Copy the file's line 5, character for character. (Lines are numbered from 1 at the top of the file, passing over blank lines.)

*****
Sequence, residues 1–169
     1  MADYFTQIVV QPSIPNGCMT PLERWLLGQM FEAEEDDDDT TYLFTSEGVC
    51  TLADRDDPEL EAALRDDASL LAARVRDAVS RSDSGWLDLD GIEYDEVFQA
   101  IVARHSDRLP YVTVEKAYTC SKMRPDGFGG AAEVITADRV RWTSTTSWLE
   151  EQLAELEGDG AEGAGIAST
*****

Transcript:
   151  EQLAELEGDG AEGAGIAST